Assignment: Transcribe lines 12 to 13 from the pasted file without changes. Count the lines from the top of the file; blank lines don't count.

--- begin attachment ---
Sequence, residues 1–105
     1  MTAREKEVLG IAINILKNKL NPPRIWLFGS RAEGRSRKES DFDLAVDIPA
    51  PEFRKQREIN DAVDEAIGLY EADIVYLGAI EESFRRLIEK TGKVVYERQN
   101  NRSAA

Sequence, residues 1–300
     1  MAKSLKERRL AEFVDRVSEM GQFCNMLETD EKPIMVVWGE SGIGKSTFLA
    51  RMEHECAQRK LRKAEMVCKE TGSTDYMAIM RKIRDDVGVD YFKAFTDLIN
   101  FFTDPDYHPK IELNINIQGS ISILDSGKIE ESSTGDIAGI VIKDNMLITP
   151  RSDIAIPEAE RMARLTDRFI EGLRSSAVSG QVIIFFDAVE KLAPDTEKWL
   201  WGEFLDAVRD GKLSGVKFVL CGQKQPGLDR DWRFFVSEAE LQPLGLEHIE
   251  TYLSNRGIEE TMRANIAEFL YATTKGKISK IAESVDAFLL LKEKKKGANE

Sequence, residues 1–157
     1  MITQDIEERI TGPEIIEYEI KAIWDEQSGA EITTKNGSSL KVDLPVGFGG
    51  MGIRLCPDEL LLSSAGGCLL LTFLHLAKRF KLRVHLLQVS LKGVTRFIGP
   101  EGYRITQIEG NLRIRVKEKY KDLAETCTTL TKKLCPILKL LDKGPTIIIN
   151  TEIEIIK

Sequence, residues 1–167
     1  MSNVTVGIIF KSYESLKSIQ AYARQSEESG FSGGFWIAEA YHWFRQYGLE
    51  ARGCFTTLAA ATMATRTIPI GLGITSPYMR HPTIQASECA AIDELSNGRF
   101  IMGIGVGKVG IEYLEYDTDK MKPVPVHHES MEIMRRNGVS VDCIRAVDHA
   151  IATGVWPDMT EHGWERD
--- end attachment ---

Sequence, residues 1–157
     1  MITQDIEERI TGPEIIEYEI KAIWDEQSGA EITTKNGSSL KVDLPVGFGG